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[VIDEO] Country singer with Warrenton roots puts out charting album

Thursday, May. 29 | By Hannah Dellinger
The cover of Brooksie Wells' latest album 'Down Home Divas,' which is currently getting air time and charting.
Courtesy Photo
Country singer Brooksie Wells calls herself “The Queen of Second Chances.”

With an adolescence that was wrapped around the civil rights movement, she was exposed to many talented folk musicians of the era. She recorded an album at the age of 19, and became a children’s singer songwriter once she became a mother. After raising her family in Warrenton, she has gotten back into the “grown-up” music game with the recent release of a new all women album, “Down Home Divas.”

“I believe that life keeps going,” said Wells after a recent performance at Drum and Strum in Warrenton. “It doesn’t stop when your 30 and all of a sudden the music business says, ‘Wait a minute, you’re too old.’ Oh really? Well, just check this out. We can do it again, have a wonderful time and have something important to say to everybody.”
Wells said that as an older artist she has different goals than she did previously.

“My goal today, being an older person in the business it to get my work out to a larger audience, to support young artists who are coming up, especially women,” she said. “I’m all about supporting women in the music business.”
With years of experience under her belt, Wells is a confident and smooth storyteller, with catchy and rhythmic guitar hooks.

“One of the blessings of having done this for a while and having worked with some very talented musicians is that I’m not afraid,” she said. “I’m thrilled. I’m also humbled by the fact that people enjoy my music.”

Wells began her musical career when she was 5, starting out learning classical piano. Her father bought her a guitar when she was 13. She jokes that she liked playing guitar because the boys seemed to like it.

She moved to New York City when she was just 16 to go to college. It was there that she got her first big break.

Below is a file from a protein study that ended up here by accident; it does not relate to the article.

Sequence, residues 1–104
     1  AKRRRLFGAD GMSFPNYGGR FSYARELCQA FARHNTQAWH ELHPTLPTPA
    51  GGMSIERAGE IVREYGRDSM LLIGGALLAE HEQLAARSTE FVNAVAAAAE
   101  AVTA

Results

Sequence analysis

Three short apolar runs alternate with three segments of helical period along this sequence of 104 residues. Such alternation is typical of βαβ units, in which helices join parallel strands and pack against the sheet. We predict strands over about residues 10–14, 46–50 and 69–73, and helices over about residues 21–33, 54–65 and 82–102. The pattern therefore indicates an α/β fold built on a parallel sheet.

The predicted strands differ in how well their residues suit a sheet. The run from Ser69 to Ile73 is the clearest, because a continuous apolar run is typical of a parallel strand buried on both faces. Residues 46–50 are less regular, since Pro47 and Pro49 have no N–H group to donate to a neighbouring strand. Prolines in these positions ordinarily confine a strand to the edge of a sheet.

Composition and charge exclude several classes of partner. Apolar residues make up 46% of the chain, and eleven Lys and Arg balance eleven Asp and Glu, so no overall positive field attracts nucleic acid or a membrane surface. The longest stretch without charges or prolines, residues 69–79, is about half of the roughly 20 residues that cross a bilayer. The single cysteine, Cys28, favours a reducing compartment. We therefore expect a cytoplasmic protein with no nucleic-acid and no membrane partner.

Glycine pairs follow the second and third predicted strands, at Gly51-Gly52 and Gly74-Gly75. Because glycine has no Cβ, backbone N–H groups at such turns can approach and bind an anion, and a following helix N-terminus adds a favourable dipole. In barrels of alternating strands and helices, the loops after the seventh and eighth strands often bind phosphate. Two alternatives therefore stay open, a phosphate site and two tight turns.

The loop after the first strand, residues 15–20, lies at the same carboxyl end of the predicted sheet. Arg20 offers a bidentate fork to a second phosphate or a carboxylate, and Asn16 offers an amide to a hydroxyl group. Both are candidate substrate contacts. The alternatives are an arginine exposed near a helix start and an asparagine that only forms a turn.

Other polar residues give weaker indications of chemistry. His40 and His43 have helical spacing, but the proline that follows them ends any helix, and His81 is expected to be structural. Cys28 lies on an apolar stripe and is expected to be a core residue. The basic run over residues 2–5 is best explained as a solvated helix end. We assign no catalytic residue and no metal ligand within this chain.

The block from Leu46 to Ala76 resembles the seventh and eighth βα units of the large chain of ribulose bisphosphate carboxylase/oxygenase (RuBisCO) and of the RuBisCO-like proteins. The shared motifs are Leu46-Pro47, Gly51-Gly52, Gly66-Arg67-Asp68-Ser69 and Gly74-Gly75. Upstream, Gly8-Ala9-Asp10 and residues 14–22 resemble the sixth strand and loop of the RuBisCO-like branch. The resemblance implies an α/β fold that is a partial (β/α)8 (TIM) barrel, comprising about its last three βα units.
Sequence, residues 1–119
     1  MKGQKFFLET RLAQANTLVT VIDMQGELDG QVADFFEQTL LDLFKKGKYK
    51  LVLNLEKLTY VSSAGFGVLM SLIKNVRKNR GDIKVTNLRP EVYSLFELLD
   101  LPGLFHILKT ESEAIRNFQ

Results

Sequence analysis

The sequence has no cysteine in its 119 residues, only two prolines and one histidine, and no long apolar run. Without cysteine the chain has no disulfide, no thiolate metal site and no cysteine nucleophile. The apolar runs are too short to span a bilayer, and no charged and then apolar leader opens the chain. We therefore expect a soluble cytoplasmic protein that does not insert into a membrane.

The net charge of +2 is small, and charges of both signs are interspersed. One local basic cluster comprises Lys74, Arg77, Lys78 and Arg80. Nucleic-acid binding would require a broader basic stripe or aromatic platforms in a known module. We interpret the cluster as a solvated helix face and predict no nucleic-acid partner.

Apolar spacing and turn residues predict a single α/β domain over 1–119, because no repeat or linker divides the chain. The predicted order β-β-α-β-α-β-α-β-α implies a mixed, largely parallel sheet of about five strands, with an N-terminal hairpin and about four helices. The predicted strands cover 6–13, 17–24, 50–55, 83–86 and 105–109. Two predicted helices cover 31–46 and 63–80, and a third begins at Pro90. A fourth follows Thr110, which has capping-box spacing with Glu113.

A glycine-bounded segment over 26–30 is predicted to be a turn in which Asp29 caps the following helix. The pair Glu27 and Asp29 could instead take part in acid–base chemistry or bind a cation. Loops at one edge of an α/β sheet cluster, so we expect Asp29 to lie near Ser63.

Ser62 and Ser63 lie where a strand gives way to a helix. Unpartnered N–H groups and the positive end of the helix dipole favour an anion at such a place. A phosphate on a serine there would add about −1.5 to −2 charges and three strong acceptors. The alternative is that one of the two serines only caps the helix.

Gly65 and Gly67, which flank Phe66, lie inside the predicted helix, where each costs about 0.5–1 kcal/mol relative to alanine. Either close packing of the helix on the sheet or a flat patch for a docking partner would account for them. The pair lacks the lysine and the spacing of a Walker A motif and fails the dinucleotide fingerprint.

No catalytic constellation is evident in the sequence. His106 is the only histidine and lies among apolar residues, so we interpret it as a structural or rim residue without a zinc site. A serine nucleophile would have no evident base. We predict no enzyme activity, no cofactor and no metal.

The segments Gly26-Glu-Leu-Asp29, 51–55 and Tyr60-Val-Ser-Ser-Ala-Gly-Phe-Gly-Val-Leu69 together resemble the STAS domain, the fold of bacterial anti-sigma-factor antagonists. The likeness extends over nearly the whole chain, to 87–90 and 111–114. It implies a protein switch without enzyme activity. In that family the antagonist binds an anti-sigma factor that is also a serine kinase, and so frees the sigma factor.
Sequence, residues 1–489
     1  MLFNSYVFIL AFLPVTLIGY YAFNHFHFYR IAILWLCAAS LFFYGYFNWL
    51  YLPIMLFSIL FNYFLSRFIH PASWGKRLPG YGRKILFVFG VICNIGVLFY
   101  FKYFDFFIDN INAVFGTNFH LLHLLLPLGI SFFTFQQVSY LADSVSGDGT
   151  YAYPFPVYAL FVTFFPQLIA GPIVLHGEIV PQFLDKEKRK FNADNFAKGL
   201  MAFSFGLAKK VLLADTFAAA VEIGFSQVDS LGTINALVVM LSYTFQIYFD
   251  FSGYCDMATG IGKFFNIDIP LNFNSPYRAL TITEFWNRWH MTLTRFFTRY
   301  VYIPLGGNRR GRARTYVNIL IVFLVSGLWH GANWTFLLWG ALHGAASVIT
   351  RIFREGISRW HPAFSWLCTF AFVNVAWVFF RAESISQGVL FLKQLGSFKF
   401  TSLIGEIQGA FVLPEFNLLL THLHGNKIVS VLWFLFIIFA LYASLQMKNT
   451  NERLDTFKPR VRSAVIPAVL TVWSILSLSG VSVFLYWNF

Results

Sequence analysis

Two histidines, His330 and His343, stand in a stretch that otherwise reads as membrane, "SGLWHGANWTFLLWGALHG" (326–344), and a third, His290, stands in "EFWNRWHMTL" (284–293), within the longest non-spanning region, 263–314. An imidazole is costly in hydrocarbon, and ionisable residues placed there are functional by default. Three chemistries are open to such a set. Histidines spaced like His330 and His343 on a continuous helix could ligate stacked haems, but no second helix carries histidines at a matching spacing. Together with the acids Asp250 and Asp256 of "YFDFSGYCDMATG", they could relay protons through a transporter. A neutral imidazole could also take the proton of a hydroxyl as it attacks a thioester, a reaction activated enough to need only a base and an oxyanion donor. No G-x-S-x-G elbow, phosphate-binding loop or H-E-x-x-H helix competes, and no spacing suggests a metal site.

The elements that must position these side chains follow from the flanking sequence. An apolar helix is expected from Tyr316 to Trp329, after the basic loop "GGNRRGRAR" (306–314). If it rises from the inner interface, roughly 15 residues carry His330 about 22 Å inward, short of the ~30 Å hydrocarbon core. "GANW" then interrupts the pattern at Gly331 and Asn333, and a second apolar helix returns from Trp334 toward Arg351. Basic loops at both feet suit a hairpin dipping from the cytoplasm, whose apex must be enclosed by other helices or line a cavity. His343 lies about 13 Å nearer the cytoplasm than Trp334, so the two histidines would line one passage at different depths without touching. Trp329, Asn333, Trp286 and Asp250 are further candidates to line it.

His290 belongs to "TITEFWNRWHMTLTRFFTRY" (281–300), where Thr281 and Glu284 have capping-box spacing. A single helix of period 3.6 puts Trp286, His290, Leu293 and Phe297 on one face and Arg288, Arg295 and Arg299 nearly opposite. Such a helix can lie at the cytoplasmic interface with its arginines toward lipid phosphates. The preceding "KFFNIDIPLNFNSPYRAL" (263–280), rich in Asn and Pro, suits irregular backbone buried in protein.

“Someone came to my dorm room and said, ‘Hey you wanna make a record?’ So I actually did a demo tape for Bobby Darin and he signed me,” she recalls.

Darin was well known in the '60s for his talents as a singer, songwriter and actor. He signed Wells with a publishing deal with Chappell Music when she was 19.

During her time in New York Wells played with John Lennon’s band, Elephant’s Memory and was part of a band called Kid Creole and the Coconuts, which was hugely popular in Europe and South America.

“I’ve been doing music my whole life and I was lucky enough to work with some of the best players in the business,” said Wells of her early career.

When Darin died unexpectedly in his early 30’s, Wells was left on her own.

“I was left without protection in New York and I didn’t have a mentor,” she said. “In those days in New York, it was difficult for women. Just ask Madonna.”

Wells left New York and moved to Virginia, where she thought she would stay for only a couple of weeks. She ended up staying for 25 years.

Wells married and had two children. She came to Warrenton in 2001 and began singing songs for children.
“I performed for kids around here and the Washington area for years and years,” she said.

Wells worked with Montessori school students and developed various musical programs for children. She enjoyed enriching young musicians in Warrenton during that time.

“I played here in Warrenton for a long time,” she said. “I’m very grateful to the Fauquier County area for the support of the music.”

“A few years ago, as my kids were getting older and I had some personal changes in my life, I decided that I wanted to go back to the grown up music business,” she said.

Wells decided to make an album. She released the classical country album “Been There” in 2005.

“It went kinda well,” she said. “I was nominated for a Wammie [Washington Area Music Award] for ‘Been There.’ I thought, ‘Maybe I can do this.’ So I made another CD.”

Wells’ most recent album, “Down Home Divas” just came out this past year and is already getting airtime on the radio.

“This is my first really fully produced, really out there record, nationally,” she said.

The album features all women players. Lisa Kay Howard, known for her radio show on WAMU’s bluegrass country, plays mandolin; Heather Haze plays horns and drums; Lisa McCormick plays guitar and banjo; Missy Raines, the International Bluegrass Music Association’s Bass Player of the Year for 5 years in a row, plays bass; Jenny Leigh Obert, a local musician, plays fiddle; Ruth Wyand, who just toured in New Zealand for Woman Sings the Blues, plays slide guitar; Nancy Gardner, from Wild Heart, plays drums; and a young up and coming musician Edy Blu sings.

While Wells is signed for radio promotion with Trespass Music, she is still not on a label. She said that being an independent artist gives her freedom to create the music that comes from her heart.

“I have a real fondness for anything local,” she said. “When you really support the local music community, starting with the children and working your way up you can have a life and a career in music.”

To learn more about Wells, visit brooksiewells.com.

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